4. ^ Alun Wyn are his given names and his surname is Jones.
  5. ^ a b Greenwood, Will (16 March 2019). "Time to remember the name – Alun Wyn Jones could be Europe's greatest ever". The Daily Telegraph.
  6. ^ "Alun Wyn Jones' international record as Wales and Lions great calls it a day". The Independent. 19 May 2023. Retrieved 26 May 2023.
  7. ^ "Veterans salute third Grand Slam". BBC Sport.
  8. ^ "Alun Wyn Jones set for freedom of home city | Ospreys".
  9. ^ "Alun Wyn Jones".
  10. ^ Orders, Mark (4 September 2020). "Alun Wyn Jones' team-mates from his first pro rugby game 15 years ago today". WalesOnline.
  11. ^ "Border Reivers 16–6 Ospreys". 18 September 2005 – via
  12. ^ "Ospreys 23–6 Leicester". 12 April 2008 – via
  13. ^ Orders, Mark (4 September 2020). "Alun Wyn Jones' team-mates from his first pro rugby game 15 years ago today". WalesOnline. Retrieved 21 July 2021.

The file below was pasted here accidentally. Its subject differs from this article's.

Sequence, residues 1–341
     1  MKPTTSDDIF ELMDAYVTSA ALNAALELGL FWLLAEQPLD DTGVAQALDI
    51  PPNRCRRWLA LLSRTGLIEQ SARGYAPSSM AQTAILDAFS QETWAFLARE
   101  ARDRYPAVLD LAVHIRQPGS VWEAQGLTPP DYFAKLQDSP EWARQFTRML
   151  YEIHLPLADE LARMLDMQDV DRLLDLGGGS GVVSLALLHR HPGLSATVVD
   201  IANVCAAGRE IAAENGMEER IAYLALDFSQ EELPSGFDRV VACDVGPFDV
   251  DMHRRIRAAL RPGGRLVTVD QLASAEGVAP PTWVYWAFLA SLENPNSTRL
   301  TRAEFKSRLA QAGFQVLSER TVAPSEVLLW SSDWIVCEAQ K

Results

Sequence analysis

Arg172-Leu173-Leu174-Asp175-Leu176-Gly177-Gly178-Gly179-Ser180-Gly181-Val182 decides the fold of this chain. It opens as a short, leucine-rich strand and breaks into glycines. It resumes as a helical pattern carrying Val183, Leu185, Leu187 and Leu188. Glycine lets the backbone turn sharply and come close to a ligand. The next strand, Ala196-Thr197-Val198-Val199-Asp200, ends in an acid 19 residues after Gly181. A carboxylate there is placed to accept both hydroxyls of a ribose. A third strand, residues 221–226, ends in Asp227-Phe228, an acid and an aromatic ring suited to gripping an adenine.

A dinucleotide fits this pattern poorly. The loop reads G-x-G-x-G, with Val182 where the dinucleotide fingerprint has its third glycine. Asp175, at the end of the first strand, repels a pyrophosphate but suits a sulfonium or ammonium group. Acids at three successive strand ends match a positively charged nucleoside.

14. ^ "LionsWatch: Biggar and Jones shine as Giles scores twice in big Ospreys win". British & Irish Lions. 9 December 2016. Retrieved 4 January 2023.
  15. ^ James, Ben (7 July 2023). "Alun Wyn Jones signs for Toulon as European giants announce World Cup signing". WalesOnline. Retrieved 26 July 2023.
  16. ^ "Alun Wyn Jones: Former Wales captain signs for Toulon as 'medical joker' for World Cup". BBC Sport. Retrieved 10 July 2023.
  17. ^ "Alun Wyn Jones: Former Wales captain retires to standing ovation with Toulon".
  18. ^ "Wales U21 32-5 Ireland U21". 18 March 2005.
  19. ^ "Argentina 45-27 Wales". 17 June 2006.
  20. ^ "Wales 27-18 England". 17 March 2007.
  21. ^ "BBC SPORT | Rugby Union | Welsh | Wales 27-20 Argentina". BBC News. 18 August 2007. Retrieved 7 September 2022.
  22. ^ "Wales 42-17 Canada". 9 September 2007.
  23. ^ "Wales 34-38 Fiji". 29 September 2007.
  24. ^ "England 19-26 Wales". 2 February 2008.